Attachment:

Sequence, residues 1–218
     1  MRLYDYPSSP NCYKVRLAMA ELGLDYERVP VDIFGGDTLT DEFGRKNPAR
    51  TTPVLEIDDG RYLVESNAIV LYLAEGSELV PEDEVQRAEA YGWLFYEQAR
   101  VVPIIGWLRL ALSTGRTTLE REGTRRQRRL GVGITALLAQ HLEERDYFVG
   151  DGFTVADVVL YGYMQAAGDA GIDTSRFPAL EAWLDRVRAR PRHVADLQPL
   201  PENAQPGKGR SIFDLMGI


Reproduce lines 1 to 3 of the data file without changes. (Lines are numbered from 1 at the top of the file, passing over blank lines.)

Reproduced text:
Sequence, residues 1–218
     1  MRLYDYPSSP NCYKVRLAMA ELGLDYERVP VDIFGGDTLT DEFGRKNPAR
    51  TTPVLEIDDG RYLVESNAIV LYLAEGSELV PEDEVQRAEA YGWLFYEQAR